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Message-ID: <>
From: John De Armond
Subject: Re: sell glass shop ?
Date: Wed, 13 Sep 2000 17:40:34 -0400

KZ man wrote:

> I am a 1 man stained glass shop at and here is the
> question. I know this one is hard to answer but I have a very interested
> individual who would like to buy out my shop and open as a new store in a
> larger town where the stained glass would be only 1 element of the big
> picture . Being your own boss has some benefits but if given the chance many
> would probably like the security of a weekly paycheck. How do you really
> arrive at what the business is worth only as a business and not real estate
> but as supplies etc . Which would include web site and equipment to go to
> art shows etc and displays etc.

That's kinda like asking how do you appraise a house?  It's
complicated and subjective.  Being in the process of selling my
restaurant, I immersed in this.

Setting the value of your inventory and equipment is fairly
straightforward.  Most buyers will want to depreciate the value of
the capital equipment and discount the value of inventory.  Of
course, you want replacement cost for the equipment and full retail
for the inventory.

Then there's perhaps the most valuable commodity for a sole
practitioner such as yourself - blue sky, or as sometimes called,
"good will".  In other words how much is your reputation worth?
It's difficult to set a price on blue sky.  It's usually used as a
leverage tool in the negotiations.  In a long established business I
sold a few years ago, we agreed that the blue sky was worth at least
as much as the other assets and so doubled the selling price.  The
problem with setting a value to blue sky in a single practitioner
firm is that the blue sky (you) will walk out the door when you

Another method of setting the value of the business, is to set the
price as a multiple of annual gross revenue.  This works best on
high profit enterprises.  It's hard to sell a buyer on this formula
if your net profit is in the single digit range where ROI would take

I highly recommend hiring a certified and licensed commercial real
estate appraiser who is experienced in valuing small businesses.
Expect to pay a percentage of the appraised price in fees - seems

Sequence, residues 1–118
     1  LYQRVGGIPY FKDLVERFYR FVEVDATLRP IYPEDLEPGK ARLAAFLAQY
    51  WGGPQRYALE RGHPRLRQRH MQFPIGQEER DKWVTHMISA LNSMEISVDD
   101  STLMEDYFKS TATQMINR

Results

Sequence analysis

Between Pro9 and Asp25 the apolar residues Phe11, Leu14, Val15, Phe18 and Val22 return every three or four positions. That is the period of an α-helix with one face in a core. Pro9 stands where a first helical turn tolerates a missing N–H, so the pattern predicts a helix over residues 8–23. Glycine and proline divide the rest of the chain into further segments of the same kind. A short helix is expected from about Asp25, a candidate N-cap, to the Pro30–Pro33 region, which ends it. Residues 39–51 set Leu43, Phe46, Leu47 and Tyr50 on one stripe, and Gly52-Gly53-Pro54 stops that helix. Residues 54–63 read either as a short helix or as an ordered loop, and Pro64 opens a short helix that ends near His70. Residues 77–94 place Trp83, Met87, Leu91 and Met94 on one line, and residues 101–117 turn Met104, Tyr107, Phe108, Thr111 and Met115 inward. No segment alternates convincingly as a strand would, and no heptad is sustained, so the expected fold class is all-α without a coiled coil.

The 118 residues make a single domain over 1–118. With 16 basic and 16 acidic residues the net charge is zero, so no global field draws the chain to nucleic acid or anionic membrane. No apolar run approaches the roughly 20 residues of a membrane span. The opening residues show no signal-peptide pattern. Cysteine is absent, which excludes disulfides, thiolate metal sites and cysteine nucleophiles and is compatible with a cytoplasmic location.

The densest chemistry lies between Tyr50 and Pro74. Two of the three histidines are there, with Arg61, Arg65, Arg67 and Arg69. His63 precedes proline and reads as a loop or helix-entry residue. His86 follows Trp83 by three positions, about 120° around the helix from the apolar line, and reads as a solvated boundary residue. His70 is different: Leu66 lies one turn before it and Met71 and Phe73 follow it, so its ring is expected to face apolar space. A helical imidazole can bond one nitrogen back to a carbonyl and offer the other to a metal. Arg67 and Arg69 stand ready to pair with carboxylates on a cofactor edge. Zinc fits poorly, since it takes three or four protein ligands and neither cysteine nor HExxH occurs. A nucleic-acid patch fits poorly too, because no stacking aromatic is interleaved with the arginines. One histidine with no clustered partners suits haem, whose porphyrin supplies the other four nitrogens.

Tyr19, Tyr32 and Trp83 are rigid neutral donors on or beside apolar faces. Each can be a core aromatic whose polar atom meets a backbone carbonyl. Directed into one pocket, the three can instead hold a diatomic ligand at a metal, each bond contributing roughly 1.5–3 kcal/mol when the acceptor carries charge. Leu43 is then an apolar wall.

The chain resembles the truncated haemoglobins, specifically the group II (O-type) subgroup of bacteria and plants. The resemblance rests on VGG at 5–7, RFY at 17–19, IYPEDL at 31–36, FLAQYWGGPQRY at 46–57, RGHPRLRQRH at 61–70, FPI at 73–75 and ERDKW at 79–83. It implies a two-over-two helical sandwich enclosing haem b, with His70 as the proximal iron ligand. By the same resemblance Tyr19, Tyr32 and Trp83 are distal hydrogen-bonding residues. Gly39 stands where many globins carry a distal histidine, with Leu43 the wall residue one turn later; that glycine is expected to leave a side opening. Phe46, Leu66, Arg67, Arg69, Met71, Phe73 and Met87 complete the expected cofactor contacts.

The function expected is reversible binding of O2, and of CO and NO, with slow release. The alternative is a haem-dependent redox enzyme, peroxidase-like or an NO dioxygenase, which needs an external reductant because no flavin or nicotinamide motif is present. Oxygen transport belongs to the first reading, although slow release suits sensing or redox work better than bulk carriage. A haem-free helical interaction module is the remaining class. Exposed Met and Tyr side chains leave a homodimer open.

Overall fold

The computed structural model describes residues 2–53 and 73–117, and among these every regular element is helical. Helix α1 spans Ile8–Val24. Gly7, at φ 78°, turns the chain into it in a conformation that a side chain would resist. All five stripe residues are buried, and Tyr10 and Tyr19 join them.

like the fees on my last business valued at $0.5 million was around
a thousand bux.  There are standardized appraisal procedures that
the appraiser will use.  This is money well spent.

> Does anyone have the experience of selling out being a 1 man shop and going
> to work for someone else ? Has it worked out ? Any ideas ?

I couldn't imagine doing that.  They think that they can do it
better than you so that means that there will be changes that you
probably won't like too much.  Being the boss is half the reward of
being self-employed.  I couldn't imagine having to conform the way I
do things to some pimply faced fresh out of college MBA!  Can you?

> Or do I keep all the stuff and inventory etc and just pay rent at their
> outlet ?

I can't imagine that working either.  Ignoring the very complex
liability issues involved, collocating with a corporate store will
force you to lose some or a lot of your individual identity.  Many
people are likely to believe that you've sold out to the corporate
store and will be discouraged to do business with you because of
it.  Finally, look for your overhead to go way up.  You'll be forced
by the host store to have much more expensive insurance, you'll
likely be assessed a portion of the (huge) utility bills and you'll
still have to pay rent.  From what I've heard, a lot of these places
also want a hunk of your gross revenue.

I'd either sell out cleanly or stay where I'm at.


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